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Schauet doch und sehet, ob irgend ein Schmerz sei, BWV 46

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Title: Schauet doch und sehet, ob irgend ein Schmerz sei, BWV 46  
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Subject: Mass in B minor, Oboe da caccia, List of Bach cantatas by liturgical function, Monteverdi Choir
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Schauet doch und sehet, ob irgend ein Schmerz sei, BWV 46

Schauet doch und sehet, ob irgend ein Schmerz sei (Behold and see, if there be any sorrow), BWV 46, is a church cantata by Johann Sebastian Bach. He composed it in Leipzig for the tenth Sunday after Trinity and first performed it on 1 August 1723. It is part of his first annual cycle of cantatas.

History and words

Bach composed the cantata in his first year in Leipzig for the Tenth Sunday after Trinity. The prescribed readings for the Sunday were from the First Epistle to the Corinthians, different gifts, but one spirit (1 Corinthians 12:1–11), and from the Gospel of Luke, Jesus announcing the destruction of Jerusalem and cleansing of the Temple (Luke 19:41–48). The words for the first movement are taken from the Book of Lamentations, Lamentations 1:12, movements 2 to 5 of an unknown poet, and the final chorale is the ninth stanza of "O großer Gott von Macht" by Johann Matthäus Meyfart.[1]

Bach first performed the cantata on 1 August 1723.[1]

Scoring and structure

The cantata in six movements is scored for three soloists—alto, tenor and bass—a four-part choir, "Zugtrompete" (slide trumpet, mostly doubling the choir soprano), two recorders, two oboes da caccia, two violins, viola and basso continuo. This is an unusually rich instrumentation for an ordinary Sunday.[1]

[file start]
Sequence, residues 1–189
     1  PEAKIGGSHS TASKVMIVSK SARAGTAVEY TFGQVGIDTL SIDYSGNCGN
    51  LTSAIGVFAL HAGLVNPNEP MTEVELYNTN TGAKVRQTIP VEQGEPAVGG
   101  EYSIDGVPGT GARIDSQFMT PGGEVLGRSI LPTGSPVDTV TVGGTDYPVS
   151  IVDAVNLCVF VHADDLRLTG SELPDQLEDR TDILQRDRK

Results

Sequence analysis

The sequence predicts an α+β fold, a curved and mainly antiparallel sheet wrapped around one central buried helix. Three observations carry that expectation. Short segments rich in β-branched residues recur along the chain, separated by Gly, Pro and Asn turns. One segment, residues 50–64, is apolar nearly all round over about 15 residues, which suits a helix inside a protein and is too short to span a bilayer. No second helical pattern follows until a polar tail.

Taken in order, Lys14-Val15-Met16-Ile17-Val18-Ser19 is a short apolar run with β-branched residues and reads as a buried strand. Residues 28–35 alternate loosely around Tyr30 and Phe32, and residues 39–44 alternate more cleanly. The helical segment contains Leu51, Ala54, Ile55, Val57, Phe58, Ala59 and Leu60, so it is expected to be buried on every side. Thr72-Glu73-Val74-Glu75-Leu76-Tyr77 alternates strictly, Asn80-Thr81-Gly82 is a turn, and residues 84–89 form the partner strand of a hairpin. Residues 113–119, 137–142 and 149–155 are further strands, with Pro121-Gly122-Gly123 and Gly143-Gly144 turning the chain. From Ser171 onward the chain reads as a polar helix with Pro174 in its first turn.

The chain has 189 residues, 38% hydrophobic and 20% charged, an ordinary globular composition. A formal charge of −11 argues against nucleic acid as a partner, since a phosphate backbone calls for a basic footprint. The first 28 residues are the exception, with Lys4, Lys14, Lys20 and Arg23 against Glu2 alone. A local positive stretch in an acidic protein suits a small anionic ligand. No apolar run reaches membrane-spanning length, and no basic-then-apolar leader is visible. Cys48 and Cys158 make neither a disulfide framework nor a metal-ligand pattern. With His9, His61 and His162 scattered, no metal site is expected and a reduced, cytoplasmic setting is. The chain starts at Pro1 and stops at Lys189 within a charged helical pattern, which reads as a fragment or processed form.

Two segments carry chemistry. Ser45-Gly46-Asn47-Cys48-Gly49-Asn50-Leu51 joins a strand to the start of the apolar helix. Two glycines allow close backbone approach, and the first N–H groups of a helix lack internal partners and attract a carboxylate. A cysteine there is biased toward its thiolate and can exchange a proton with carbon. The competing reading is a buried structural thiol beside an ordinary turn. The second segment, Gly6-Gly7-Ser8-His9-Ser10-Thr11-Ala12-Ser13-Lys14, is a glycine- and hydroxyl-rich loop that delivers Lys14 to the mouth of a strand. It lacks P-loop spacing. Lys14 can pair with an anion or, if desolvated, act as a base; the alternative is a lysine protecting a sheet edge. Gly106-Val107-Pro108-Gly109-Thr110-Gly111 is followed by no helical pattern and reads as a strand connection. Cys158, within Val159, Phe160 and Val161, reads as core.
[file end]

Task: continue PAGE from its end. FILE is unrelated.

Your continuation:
1. Coro: Schauet doch und sehet, ob irgend ein Schmerz sei
  2. Recitativo (tenor): So klage du, zerstörte Gottesstadt
  3. Aria (bass): Dein Wetter zog sich auf von weiten
  4. Recitativo (alto): Doch bildet euch, o Sünder, ja nicht ein
  5. Aria (alto): Doch Jesus will auch bei der Strafe
  6. Chorale: O großer Gott von Treu


The first movement in two sections is a lamento of large proportions, full of symbolism. Bach reworked its first part as the Qui tollis peccata mundi of the Gloria of his Missa of 1733, to become the Gloria of his Mass in B minor. The bass aria pictures dramatically the outbreak of a thunderstorm, the only part of the cantata where the trumpet appears in a solo function as a symbol of divine majesty.[1] The alto aria is scored as a quartet for the voice, the two recorders, and the oboes in unison, without basso continuo.[2]

Selected recordings



The first source is the score.

Several databases provide additional information on each cantata:

  • Cantata BWV 46 Schauet doch und sehet, ob irgend ein Schmerz sei history, scoring, sources for text and music, translations to various languages, discography, discussion, bach-cantatas website
  • Emmanuel Music
  • Schauet doch und sehet, ob irgend ein Schmerz sei history, scoring, Bach website (German)
  • University of Vermont
  • University of Alberta
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